The New Brunswick government has surprised payday loan critics and the industry itself by proposing to limit the total cost of such loans to $15 for every $100 lent. It means that a typical $300 loan would require borrowers to repay $345 on their next payday. The $15 rate is contained in draft regulations posted this week on the government website.
“The regulations that were released with respect to fees are very favourable for borrowers,” says Randy Hatfield, executive director of the Saint John Human Development Council.
“The $15 that was recommended will put New Brunswick tied with Alberta for the lowest fees per $100 in the country,” he adds. “So that certainly is a welcome measure.”
Hatfield is also pleased with the government’s proposal to limit the maximum size of a payday loan to 30 per cent of a borrower’s net income — a regulation the Council recommended in its report to the government last year.
Industry surprised by NB regulations
“We are surprised based on regulations that are in place in Nova Scotia and Prince Edward Island,” says Tony Irwin, President of the Canadian Payday Loan Association, which represents some payday lenders including the industry leader Money Mart.
Irwin is particularly concerned about the $15 maximum fee per $100 loan.
“Nova Scotia, the rate there is $22 per $100 and in Prince Edward Island it’s $25, so at $15, that’s quite a bit different,” he says. “We’re asking our members how that would affect their ability to offer the product in New Brunswick.”
Irwin adds that the $15 rate would make it difficult for some companies to operate especially in light of the proposal to limit loans to 30 per cent of a borrower’s income.
“That’s also a very low number,” he says. “We’re certainly taking a close look to understand the implications.”
Critics see gaps
Although he’s pleased with the proposed fees and loan limits, Randy Hatfield says the draft regulations do not address the issue of repeat loans that borrowers often take out to repay previous ones.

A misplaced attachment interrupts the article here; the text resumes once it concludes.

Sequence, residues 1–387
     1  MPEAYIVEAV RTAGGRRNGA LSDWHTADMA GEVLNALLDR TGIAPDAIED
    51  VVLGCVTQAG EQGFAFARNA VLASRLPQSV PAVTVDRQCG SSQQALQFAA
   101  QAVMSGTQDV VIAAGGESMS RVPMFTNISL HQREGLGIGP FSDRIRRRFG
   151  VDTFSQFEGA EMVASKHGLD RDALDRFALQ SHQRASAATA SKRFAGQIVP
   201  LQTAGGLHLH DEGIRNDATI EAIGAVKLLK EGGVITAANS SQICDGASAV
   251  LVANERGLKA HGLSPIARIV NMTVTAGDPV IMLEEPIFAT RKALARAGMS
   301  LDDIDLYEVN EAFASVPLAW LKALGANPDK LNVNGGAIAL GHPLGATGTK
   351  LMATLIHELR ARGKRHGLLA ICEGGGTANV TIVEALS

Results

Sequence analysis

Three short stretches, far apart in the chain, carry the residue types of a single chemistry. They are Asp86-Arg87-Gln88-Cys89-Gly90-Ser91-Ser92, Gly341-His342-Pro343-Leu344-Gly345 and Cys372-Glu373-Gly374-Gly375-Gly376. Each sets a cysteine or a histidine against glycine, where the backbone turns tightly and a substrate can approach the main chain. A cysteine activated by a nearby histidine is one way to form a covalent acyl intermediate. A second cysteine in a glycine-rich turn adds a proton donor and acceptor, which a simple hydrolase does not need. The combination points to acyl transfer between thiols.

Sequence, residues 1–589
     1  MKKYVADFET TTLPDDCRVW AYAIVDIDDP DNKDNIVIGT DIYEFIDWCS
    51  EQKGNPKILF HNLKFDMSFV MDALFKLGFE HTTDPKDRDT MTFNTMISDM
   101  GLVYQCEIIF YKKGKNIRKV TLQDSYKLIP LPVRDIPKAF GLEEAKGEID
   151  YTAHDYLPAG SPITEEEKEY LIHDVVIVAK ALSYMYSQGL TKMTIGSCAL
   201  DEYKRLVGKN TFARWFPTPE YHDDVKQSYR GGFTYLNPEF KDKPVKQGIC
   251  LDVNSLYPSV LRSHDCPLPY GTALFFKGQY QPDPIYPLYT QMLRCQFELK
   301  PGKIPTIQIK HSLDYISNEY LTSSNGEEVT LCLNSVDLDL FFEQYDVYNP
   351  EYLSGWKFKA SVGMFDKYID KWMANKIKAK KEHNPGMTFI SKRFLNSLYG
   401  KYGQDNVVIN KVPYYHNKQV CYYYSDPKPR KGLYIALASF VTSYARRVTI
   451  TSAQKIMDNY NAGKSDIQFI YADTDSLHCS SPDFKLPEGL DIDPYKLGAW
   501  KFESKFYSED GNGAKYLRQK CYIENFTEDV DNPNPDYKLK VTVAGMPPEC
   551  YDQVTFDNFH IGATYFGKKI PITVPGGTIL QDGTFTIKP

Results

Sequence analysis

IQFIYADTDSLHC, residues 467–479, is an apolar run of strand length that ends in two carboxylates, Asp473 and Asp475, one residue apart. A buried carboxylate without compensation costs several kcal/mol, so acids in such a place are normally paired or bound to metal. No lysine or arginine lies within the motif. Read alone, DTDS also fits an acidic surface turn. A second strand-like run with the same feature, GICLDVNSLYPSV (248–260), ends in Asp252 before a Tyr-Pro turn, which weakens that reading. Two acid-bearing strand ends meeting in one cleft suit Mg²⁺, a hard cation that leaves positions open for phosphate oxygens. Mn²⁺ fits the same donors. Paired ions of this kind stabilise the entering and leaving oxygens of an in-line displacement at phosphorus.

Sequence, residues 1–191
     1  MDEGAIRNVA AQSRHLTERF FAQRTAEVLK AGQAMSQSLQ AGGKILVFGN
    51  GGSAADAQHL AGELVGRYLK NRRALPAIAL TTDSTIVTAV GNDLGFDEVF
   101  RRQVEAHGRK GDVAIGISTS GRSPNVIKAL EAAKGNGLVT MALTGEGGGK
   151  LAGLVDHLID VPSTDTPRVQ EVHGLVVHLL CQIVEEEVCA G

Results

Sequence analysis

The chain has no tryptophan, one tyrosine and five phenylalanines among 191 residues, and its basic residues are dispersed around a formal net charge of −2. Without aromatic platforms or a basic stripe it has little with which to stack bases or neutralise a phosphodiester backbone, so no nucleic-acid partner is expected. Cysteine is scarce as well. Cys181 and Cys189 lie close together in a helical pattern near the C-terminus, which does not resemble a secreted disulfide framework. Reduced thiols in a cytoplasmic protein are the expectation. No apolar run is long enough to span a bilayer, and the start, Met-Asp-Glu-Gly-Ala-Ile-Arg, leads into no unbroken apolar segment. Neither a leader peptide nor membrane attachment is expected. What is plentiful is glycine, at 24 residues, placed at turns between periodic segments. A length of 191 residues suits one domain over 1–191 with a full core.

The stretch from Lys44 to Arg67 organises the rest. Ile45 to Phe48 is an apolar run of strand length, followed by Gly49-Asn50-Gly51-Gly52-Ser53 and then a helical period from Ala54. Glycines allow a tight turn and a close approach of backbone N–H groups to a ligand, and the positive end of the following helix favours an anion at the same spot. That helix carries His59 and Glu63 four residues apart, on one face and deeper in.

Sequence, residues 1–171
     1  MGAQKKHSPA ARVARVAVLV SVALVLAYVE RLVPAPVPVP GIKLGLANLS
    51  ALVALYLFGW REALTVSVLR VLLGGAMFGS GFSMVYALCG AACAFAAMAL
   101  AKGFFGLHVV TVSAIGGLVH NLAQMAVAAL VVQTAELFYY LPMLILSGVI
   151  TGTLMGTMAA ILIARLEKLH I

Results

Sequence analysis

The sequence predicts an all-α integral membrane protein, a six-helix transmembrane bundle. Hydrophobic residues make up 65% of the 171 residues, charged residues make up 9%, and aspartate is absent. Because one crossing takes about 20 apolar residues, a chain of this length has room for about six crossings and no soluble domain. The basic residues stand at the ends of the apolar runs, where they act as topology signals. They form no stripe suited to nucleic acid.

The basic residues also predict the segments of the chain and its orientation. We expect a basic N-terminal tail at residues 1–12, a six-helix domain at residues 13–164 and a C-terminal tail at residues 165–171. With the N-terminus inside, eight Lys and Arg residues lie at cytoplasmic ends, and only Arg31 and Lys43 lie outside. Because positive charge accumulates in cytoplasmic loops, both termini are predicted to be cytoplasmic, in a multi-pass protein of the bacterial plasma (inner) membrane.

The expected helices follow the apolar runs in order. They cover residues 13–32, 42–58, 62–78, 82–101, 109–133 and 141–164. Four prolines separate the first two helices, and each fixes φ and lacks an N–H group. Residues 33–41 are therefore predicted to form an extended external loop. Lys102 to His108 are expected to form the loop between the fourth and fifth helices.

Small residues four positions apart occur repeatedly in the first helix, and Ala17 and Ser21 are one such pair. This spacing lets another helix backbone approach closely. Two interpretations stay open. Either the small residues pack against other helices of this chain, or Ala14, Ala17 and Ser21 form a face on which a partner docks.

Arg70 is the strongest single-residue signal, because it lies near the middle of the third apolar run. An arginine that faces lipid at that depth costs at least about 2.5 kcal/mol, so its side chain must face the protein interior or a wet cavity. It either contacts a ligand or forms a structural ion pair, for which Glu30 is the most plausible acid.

“The business model for the payday loan industry requires a number of repeat borrowers,” he says. “We find repeat borrowing traps borrowers into a cycle of debt that is impossible to get out of.”
In its March 2015 report, for example, Hatfield’s Development Council points out that a typical, 14-day loan must be paid off on the next payday leaving many borrowers unable to cover their rent and other bills unless they take out another loan that also must then be paid off on the next payday along with the hefty borrowing fees. When they reach the maximum amount they can borrow from one payday lender, they’re forced to go to another as the debt cycle continues.
Hatfield suggests that New Brunswick consider adopting regulations from British Columbia that allow borrowers who have taken out three payday loans in a 62-day period to repay the money over two or three pay periods instead of just one.
New Brunswick’s Green Party leader also favours adoption of longer repayment periods for repeat borrowers. David Coon is concerned too that the proposed regulations would allow lenders to charge a fee of five dollars to cash a government cheque worth up to $2,500 and $10 for cashing a cheque above that amount.
“I don’t think there should be a cheque-cashing fee on a government cheque,” he says. “Even if it were three dollars, as the Human Development Council recommended, it would be better, but it seems to me there shouldn’t be a fee on cashing government cheques.”
July deadline for comment
The province has set a deadline of July 29 for those who wish to comment on the proposed regulations.
Tony Irwin of the Payday Loan Association, says he’ll use the comment period to propose changes that would strike what he feels would be a better balance between protecting payday borrowers while, at the same time, ensuring the industry remains profitable enough to continue offering its short-term loans in New Brunswick.
“We hope to engage the government in some discussion around these draft regulations,” he says, “so that we can come to a final set of regulations that will work both for industry and for consumers.”
Bruce Wark worked in broadcasting and journalism education for more than 35 years. He was at CBC Radio for nearly 20 years as senior editor of network programs such as The World at Six and World Report. He was the first producer of The House, a Saturday morning program on national politics. He currently resides in Sackville where he publishes Warktimes.